It’s incredibly important that the people dealing with an estate (usually executors named in the deceased’s will) have the right skills, aptitude and time to deal with what can be a complicated and long process. Courtiers listens, understands and guides clients to help ensure appropriate plans are in place to suit individual circumstances.
Capital Gains Tax
Selling assets to settle an IHT bill needs careful consideration. Thinking about any Capital Gains Tax (CGT) implications of selling assets to pay an IHT bill, it can work both ways depending on whether the value of the assets has risen or fallen since probate was applied for.
If the assets are held within an Individual Savings Account (ISA), as long as those assets are sold within three years of the date of death, no CGT will be due. Although ISAs don’t fall outside people’s estates like pensions, potentially they are a good source of capital gains free capital that could be liquidated to pay part or all of the IHT burden.
A person whose spouse dies could use their ISA to pay the IHT bill on the estate. Then, once probate has been granted and the estate sorted out, the spouse could make use of the rules on flexible ISAs, which would allow them to replenish the ISA from money paid to them from the estate without eating into their £20,000 annual ISA subscription allowance. It’s important to be aware that to benefit from this rule, any cash taken out of a flexible ISA to pay an IHT bill must be put back in during the same tax year. The Courtiers stocks and shares ISA is a flexible ISA.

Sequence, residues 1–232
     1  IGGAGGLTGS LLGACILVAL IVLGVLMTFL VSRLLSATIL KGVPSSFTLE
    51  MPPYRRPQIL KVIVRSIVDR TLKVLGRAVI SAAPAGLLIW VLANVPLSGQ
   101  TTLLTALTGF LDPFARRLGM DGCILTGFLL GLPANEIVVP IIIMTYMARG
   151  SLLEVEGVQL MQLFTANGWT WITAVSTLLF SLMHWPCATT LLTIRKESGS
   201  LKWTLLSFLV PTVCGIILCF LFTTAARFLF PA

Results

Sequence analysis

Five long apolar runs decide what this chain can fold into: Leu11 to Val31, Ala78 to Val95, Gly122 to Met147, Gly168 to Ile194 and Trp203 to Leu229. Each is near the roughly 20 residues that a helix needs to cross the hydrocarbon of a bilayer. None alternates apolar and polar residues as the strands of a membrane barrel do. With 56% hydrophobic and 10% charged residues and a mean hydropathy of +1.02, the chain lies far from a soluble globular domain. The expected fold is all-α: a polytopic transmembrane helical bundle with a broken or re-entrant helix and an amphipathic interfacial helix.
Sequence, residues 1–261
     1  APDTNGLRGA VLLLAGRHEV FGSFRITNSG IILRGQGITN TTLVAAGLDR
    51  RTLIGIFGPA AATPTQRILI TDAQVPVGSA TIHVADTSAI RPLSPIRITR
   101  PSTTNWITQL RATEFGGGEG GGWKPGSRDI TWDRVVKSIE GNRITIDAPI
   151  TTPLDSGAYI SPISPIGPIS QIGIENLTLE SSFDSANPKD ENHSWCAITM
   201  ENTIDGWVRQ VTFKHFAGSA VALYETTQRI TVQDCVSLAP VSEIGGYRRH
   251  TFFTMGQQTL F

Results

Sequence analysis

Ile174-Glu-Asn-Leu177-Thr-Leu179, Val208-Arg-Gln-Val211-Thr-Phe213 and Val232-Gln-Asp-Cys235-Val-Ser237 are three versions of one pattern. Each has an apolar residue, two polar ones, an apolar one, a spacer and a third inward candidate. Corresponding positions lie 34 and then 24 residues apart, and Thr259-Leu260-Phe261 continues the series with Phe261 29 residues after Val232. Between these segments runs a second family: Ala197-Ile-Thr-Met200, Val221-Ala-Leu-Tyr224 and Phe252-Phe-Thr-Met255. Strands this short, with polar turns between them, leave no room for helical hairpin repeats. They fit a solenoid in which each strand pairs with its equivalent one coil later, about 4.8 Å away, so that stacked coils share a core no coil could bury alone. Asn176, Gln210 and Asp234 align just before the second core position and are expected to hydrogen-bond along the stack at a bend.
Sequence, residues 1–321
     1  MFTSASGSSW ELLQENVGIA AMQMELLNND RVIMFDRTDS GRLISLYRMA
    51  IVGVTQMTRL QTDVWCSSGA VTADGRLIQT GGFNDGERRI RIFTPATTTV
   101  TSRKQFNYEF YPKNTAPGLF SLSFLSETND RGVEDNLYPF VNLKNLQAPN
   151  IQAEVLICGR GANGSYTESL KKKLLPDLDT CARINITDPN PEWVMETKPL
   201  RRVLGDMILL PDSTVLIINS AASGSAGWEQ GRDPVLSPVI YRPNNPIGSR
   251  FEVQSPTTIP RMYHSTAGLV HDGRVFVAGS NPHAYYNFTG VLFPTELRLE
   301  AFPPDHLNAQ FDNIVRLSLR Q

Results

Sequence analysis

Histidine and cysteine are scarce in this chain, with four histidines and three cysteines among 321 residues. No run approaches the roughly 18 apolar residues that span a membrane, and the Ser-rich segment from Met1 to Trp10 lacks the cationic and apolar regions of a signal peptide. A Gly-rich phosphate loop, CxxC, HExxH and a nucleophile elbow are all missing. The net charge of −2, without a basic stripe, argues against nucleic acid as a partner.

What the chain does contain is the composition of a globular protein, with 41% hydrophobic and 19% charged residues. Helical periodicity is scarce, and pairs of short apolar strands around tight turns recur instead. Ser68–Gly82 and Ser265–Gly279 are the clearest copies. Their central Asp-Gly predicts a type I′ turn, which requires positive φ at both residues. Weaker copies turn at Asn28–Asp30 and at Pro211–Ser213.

Trusts can be a useful way of avoiding the IHT/probate problem. While probate is the legal right to deal with a person’s estate, trusts are separate legal entities from a person’s estate, which means that assets held in trust can be used to pay an IHT bill before probate is granted.
An article written by Graeme in 2019, goes into detail on how trusts can be helpful, while pointing out some of the potential downsides. Pensions, as long as they are master trusts, which the majority of pensions are, including the Courtiers SIPP (self-invested personal pension), are also outside the remit of probate and can provide liquidity for the estate.
When it comes to avoiding IHT/probate limbo, long-term planning is especially valuable. As Chartered Financial Planner Graeme Clark says, “Ask yourself ‘What would your financial position be should you pass away? Would your executors have enough liquidity in your estate to pay the tax?’.”
Although the IHT/probate conundrum isn’t new, it’s clear that the situation facing the families and loved ones of those who’ve died is continuing to worsen.
There are solutions available to help settle an IHT bill before probate is granted and you can establish what might be suitable for your personal circumstances in discussions with your Courtiers Adviser. As an increasing number of people are finding themselves in this chicken egg scenario, the value of long-term financial and estate planning with the support of your personal Courtiers Adviser in helping you avoid this situation becomes clear.